It is now some three months since the government's 2015 Budget which had as its centerpiece a push towards "compassionate conservatism".

While more compassion is indeed welcome, the end result is mere tokenism.

The Budget changes do little for children and young people living in poverty. Child Poverty Action Group (CPAG) calls on all political parties for a comprehensive and non-partisan approach that puts the best interests of the child at the centre.

The first action must be to remove the discriminatory aspects of Working for Families. Children should not be punished for their parents' inability to access the required number of hours per week of paid work.

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The main culprit is the "In Work Tax Credit", set to be at least $72.50 a week by 2016 depending on being able to reach a certain level of paid work.

This so-called 'work incentive' ignores the realities of our over-casualised and precarious labour market where individuals cannot be assured of earning a regular 20 or 30 hours a week. The risk is too great. Three weeks down the track they might have no benefit, no work, no tax credits and no money to feed the kids.

And, when families lose hours of work, they may get a bill from IRD alleging overpayment of the In Work Tax Credit with demands for repayment. In hard times, when a family falls into debt through faulty design there is a silent class of victim - our children.

The In Work Tax Credit is not the only problem. The whole family income support system has lost its focus. It is irrational, unreasonable and unjust and fails to either meaningfully incentivise work or help those in the worst child poverty. It is so complicated that it is often beyond the comprehension of those it is meant to help and those who have to apply it.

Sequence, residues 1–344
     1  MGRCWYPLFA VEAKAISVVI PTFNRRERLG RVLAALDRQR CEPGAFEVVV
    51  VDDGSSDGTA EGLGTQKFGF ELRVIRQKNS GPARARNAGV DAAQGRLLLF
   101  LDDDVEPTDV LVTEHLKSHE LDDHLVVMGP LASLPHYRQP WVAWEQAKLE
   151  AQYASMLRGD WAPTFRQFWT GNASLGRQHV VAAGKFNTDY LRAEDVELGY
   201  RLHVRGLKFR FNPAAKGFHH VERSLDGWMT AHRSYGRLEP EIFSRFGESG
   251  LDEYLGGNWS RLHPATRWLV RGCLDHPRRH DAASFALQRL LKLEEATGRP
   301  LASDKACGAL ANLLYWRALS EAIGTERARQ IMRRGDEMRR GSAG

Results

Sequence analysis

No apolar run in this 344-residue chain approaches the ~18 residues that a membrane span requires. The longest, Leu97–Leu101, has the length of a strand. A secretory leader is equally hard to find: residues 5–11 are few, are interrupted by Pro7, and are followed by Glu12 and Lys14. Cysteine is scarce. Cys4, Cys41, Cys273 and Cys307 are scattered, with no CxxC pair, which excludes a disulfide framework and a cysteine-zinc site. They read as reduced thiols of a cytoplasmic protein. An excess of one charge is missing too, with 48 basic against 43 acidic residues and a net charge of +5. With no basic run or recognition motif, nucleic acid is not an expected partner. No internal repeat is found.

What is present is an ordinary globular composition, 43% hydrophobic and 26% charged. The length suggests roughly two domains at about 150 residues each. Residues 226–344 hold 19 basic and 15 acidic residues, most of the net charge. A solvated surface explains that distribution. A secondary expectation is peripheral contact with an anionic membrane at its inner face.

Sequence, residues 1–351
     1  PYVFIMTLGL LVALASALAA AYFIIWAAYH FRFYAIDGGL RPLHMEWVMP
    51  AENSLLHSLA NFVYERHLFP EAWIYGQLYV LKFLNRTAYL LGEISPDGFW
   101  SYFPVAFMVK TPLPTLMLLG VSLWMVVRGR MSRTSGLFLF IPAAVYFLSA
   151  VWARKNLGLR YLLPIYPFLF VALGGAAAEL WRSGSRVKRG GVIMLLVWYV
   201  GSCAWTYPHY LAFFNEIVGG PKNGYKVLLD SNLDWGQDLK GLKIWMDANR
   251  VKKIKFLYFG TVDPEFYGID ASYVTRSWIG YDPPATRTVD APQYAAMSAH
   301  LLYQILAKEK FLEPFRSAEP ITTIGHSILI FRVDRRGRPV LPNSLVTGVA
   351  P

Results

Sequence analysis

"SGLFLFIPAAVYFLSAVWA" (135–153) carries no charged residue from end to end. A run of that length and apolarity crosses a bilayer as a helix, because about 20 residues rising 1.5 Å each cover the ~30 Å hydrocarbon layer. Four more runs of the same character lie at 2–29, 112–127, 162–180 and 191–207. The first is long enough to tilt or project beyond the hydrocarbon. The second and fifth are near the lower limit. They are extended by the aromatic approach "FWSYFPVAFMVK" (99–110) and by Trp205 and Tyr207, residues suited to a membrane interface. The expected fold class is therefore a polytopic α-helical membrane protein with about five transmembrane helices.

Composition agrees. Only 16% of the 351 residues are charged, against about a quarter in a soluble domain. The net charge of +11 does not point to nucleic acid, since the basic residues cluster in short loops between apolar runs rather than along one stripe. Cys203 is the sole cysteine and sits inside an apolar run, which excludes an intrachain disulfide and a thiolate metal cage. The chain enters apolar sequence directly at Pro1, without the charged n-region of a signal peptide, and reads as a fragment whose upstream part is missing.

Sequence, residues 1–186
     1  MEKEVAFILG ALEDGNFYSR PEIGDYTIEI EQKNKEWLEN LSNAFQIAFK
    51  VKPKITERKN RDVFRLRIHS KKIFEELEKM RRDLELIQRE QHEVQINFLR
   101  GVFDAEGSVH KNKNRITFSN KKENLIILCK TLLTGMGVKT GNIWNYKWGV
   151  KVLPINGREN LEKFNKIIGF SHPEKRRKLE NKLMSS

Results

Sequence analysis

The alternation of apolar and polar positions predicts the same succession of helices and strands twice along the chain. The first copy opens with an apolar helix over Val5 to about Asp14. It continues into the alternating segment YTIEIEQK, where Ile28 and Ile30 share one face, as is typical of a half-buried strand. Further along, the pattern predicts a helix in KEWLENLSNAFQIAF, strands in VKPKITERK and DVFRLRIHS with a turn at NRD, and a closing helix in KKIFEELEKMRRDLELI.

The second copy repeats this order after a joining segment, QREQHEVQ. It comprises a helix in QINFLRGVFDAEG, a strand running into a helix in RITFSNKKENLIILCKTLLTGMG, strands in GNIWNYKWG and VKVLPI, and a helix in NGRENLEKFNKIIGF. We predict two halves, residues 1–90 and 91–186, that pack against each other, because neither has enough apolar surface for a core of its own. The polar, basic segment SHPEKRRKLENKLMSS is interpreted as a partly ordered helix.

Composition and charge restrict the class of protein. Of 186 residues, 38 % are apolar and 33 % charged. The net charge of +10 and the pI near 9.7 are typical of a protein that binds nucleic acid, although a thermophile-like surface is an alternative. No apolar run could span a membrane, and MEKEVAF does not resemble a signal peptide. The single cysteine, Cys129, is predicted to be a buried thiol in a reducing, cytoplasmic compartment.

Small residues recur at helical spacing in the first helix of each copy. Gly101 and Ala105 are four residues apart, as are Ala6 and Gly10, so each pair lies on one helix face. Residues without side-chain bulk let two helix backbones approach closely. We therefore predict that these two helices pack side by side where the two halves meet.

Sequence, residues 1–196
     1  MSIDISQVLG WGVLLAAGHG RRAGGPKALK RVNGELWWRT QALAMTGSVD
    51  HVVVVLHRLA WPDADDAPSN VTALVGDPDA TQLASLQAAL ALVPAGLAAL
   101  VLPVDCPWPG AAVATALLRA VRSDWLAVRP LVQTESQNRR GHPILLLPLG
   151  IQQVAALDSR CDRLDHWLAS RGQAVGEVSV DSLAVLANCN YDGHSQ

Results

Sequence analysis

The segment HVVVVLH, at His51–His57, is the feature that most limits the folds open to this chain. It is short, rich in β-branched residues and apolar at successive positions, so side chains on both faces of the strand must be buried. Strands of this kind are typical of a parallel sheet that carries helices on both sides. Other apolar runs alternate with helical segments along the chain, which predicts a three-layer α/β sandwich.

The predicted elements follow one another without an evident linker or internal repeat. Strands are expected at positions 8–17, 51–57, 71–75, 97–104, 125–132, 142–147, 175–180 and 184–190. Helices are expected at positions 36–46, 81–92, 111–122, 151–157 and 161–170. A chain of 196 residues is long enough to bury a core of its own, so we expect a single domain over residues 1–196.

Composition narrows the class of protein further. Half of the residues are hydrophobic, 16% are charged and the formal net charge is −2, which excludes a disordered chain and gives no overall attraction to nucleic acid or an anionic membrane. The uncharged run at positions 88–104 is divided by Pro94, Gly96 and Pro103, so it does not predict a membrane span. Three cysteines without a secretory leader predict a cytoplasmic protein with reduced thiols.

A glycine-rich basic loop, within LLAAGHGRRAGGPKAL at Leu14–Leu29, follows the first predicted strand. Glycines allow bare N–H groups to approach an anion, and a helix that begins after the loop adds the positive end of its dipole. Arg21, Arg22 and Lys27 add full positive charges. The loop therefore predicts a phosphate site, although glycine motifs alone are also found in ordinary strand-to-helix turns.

How many of our MPs would pass a test on the distinctions between the Family Tax Credit, The Minimum Family Tax Credit, The In Work Tax Credit and the Parental Tax Credit?

So, what needs to change?

Specifically, we need to set the "best interests of the child" obligation enshrined in the Convention on the Rights of the Child as the overriding principle for system design. It should be a mandatory obligation for government to consider the best interests of the child when developing any policy that will have an impact on children. That was not done for the In Work Tax Credit.

Policy that has the ultimate effect of punishing children and denying them additional resources offered to other children in similar circumstances cannot be in the child's best interests.

The removal of this discrimination is about creating a family income support system firmly targeted at improving the lives of children and their families while operating on a fair basis for all, not driven by ideology. This is a non-partisan issue with the goal being to assist all children in poverty so they can live fulfilling lives.

There is increased awareness of the impact of poverty on children and New Zealanders are sending a clear message to government that it simply is not good enough for our children and young people to live in poverty. We can all acknowledge children are not to blame.

CPAG is driving a discussion around a re-orientation of our welfare system to make New Zealand a global leader again on social policy. We need policy with clear goals, including the equal treatment of all low income children for social security payments. After all that is what our human rights obligations require of us.

To start this discussion, we are holding a summit at the University of Auckland on September 8 to look at our current policy direction, contrast that with international examples, and explore how our welfare state could achieve better, cost-effective outcomes. A fairer system will lead to better outcomes for children and the real beneficiaries will be all of us.

Michael Timmins is a member of the Child Poverty Action Group Management Committee. He has a background in international human rights law working at the United Nations and non-governmental organisations internationally.